Amsterdam, it’s quiet and we sleep in, just a little bit.
The pressure is on from the navigator as we’re meant to be at the National Monument at 10.30 for our walking tour, despite her concern we make it to Dam Square and have some breakfast before we slowly wander over to the meeting point, get checked in and wait our start.
We booked a Sandermans – New Europe Free walking tour , it’s not really free because at the end you pay what you think it’s worth – we end up paying €10 each as it was pretty good. Alex was our guide, about 35, didn’t finish law at uni, lived in the USA for a year, seems to have a good sense of humour, we’ll find out if he’s good on the information and stories.
The first thing we learn is a little bit of Amsterdam etiquette, that is, crossing streets, bicycles, the safe areas ( all of it), so here are some of Axel’s thoughts;
- Cyclists should be called cyclopaths, the Dutch are pretty calm people but put them on a bicycle and they are aggressive and snarling. They fairly rip along in their laneways, sitting upright, some talking on mobiles, dinging their bells and snarling or giving the evil eye at what they see as f….wit pedestrians who wander into their space. What out for them all the time, we do and still nearly get mown down a number of times.
- Naming in Holland isn’t complex – Amsterdam is because of the Amstel River and where they built the dam is now Amsterdam, they call the West Church West Church etc etc.
- The Dutch East Indies company really ruled the world for many years with an economy equivalent to 7 trillion $ , bigger than France and Japan combined today, they did with private armies, private ownership owned by shareholders not the government.
- The Red Light area – if you feel a hand down your pants and you didn’t pay for it, then it’s a pickpocket. Engage and defend.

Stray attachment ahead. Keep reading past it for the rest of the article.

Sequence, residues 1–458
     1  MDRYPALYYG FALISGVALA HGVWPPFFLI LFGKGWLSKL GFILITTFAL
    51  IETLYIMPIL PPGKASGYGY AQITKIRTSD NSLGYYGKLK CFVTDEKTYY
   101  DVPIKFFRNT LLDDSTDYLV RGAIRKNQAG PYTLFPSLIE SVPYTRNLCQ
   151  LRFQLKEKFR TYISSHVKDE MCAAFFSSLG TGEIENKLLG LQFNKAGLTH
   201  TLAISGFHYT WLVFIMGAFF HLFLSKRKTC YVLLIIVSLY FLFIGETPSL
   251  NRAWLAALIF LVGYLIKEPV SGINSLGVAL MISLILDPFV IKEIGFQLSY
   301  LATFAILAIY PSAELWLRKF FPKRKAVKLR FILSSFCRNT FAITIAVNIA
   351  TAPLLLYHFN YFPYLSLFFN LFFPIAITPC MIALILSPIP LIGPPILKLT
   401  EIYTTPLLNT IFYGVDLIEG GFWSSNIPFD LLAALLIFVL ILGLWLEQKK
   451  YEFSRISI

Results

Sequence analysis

- The Dutch have 3 Rules that have applied to a lot of things through their history when making a decision whether to allow something that might upset somebody – it’s ok if;
a) It’s good for business. Eg Dope is not legal to grow, sell or own but it’s good for business so it’s tolerated. Same with the hookers in the windows in the red light area, now legal and now pay taxes but at one time not so.
b) If it can’t hurt anybody – eg hookers and smoking a little weed
c) Plausible deniability – the authorities turn a blind eye and say oh I think you’re over thinking this or words to that effect and effectively deny that there is an issue. This is how they became a Protestant country despite having a large catholic population and not having to evict or kill the Catholics. Long story this about the Catholic and Protestant’s but it all relates to the 80 years war with Spain and a few other BIG issues in their history
- Coffee Shop = Weed.
- Cafe = coffee
- There are 110 km of canals and 15,000 bicycles per year end up in the canals – mainly through drunks and vandals. They fish them out and recycle them – that’s a joke!
- Amsterdam has a long history of tolerance and was the first country to agree legalise to gay marriage- good on them – so they ( the government) erected a monument celebrating the gay population but also the many gay people who were incarcerated ( with pink triangles rather than the Jews star) and killed in WW II by the Nazis. This monument is in front of the most conservative church in Amsterdam.
We end the tour and lunch in the Jordaan area at a place called R03M, a groovy, funky area with way less tourists but crafty shops and nice cafe’s.
We walk the streets until about 4 then take an hour on a canal tour, sort of interesting but it was a little warm in the boat.
Genelle has a nail problem so while she gets her nails done I drop into a nearby gay bar for a beer, Mark keeps walking, but while the beer is enjoyable I’m not afforded the slightest interest by the well dressed chaps who bat left handed sitting nearby. Not sure if the problem is me or them?
we wander into the red light area, a few girls in the windows, the crowds growing but it’s still light so I’m guessing it gets busier later on.
We have dinner in a little Italian restaurant and keep walking back up towards Dam Square, our feet are hurting and despite wanting to stay a little later we hobble back through the alleys and streets, up canals and down canals to our haven at the Hotel Sebastian’s.
We have another half day here, so tomorrow morning is exploration of a few things we missed and then we’re on a train to Brussels and then on to Bruges in Belgium.
Ciao from Amsterdam